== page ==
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Children Are Too Frequent Targets of PG-13 Movie Ads, Group Charges

Brooks Barnes
The New York Times
June 24, 2009

A Harvard-based children’s advocacy group is stepping up its confrontation with movie studios over how PG-13 films are marketed.

The Campaign for a Commercial Free Childhood on Wednesday sent a letter to the Federal Trade Commission and the Bureau of Consumer Protection demanding that the government take action to assure that films rated PG-13 by the Motion Picture Association of America are not marketed to young children. The organization complained that the commission’s exhortation to the movie industry in 2007 to address concerns over the marketing of such sexualized and violent movies through self-regulation had failed.

“The M.P.A.A. still has not done what the FTC urged it to do: adopt an explicit policy, incorporating objective criteria, for the marketing of PG-13 films,” the 10-page letter reads.

The advocacy group is particularly concerned about the marketing of PG-13 movies through fast-food toy giveaways and the sale of licensed merchandise, particularly the advertising of such offers on television. The organization presented the government agencies with research it had conducted about four PG-13 movies released since May 1.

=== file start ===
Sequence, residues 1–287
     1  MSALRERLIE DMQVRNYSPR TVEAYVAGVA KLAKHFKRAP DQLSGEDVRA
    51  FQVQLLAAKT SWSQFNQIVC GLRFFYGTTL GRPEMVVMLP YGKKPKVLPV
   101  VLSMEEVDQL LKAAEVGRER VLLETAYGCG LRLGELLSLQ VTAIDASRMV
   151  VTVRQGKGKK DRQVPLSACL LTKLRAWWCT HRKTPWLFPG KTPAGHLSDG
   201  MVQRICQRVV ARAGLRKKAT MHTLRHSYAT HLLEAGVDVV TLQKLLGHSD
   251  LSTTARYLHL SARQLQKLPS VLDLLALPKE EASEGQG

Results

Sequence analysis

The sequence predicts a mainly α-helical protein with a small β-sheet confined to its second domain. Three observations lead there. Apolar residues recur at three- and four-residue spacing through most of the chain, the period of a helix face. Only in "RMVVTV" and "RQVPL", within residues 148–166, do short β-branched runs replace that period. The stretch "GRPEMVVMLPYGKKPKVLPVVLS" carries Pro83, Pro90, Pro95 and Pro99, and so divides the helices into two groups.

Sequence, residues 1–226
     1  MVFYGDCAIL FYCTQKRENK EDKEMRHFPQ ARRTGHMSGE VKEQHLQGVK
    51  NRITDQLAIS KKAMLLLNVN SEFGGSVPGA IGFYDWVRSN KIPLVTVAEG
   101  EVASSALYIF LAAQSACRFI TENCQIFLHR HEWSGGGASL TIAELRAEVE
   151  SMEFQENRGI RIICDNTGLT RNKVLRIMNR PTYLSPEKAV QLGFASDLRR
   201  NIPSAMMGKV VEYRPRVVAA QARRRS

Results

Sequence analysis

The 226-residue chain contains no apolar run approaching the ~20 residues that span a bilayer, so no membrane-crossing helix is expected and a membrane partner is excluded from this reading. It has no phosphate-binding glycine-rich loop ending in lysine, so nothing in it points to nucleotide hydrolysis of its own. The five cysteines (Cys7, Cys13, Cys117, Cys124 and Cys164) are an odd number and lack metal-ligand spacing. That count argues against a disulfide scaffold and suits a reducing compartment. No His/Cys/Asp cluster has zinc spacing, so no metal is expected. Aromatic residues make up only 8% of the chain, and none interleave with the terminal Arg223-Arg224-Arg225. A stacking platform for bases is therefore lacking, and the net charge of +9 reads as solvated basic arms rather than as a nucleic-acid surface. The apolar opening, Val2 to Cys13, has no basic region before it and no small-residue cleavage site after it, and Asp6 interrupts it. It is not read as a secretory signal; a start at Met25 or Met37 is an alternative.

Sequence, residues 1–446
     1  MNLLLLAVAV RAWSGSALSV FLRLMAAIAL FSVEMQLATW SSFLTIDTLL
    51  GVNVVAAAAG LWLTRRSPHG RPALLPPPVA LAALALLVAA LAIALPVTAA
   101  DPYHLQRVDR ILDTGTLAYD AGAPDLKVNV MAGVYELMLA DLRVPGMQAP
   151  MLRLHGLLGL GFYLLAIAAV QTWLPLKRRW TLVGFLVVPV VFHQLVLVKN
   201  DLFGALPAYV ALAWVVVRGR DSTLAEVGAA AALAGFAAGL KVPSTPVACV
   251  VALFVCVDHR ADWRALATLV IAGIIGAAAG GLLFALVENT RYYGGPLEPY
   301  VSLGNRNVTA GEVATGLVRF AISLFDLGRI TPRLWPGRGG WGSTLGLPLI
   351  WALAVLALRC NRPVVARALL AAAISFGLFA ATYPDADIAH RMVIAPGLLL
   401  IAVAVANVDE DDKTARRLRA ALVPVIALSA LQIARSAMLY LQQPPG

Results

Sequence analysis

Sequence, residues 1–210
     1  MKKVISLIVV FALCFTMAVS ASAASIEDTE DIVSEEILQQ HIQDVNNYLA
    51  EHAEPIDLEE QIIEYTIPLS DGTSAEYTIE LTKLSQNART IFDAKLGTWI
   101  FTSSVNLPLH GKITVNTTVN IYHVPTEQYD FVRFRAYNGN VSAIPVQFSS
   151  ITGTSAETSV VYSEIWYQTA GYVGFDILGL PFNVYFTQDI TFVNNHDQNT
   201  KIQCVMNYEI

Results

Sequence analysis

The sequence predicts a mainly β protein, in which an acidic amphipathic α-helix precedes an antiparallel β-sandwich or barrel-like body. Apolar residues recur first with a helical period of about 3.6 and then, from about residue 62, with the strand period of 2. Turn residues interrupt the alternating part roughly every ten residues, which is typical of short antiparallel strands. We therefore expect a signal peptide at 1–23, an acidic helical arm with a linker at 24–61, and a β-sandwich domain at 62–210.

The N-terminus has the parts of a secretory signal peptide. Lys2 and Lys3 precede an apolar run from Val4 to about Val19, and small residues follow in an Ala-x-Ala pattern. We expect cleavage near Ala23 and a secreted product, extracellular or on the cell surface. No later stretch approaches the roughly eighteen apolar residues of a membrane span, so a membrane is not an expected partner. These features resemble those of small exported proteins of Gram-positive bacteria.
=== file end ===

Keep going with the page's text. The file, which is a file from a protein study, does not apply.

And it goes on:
Researchers for the organization monitored ads for “X-Men Origins: Wolverine,” “Star Trek,” “Terminator Salvation” and “Transformers: Revenge of the Fallen” between 6 a.m. and 8 p.m. with a heavy eye on Nickelodeon and Cartoon Network, which typically draw children ages 6 to 11. Between March 17 and June 14, the group counted 2,734 commercials for the films, their licensed toys and related fast-food promotions. (Not included: ads for branded food products like “Transformers: Revenge of the Fallen” M&Ms.)

In a statement, the M.P.A.A. said it “takes seriously its role of ensuring that ads that run during children’s programming are appropriately placed. We review tens of thousands of movie ads each year and consider each on a case-by-case basis. Many ads, including some for PG-13 movies, are not approved for children’s television programming at all. Those that are approved we believe are appropriate because of the content of the motion picture and of the ad itself.”

An M.P.A.A. spokeswoman added that the PG-13 rating does not mean that those films are inappropriate for children younger than 13, but rather that the rating serves as an alert to parents.

Betsy Lordan, a commission spokeswoman, said the agency “is reviewing the letter carefully.”






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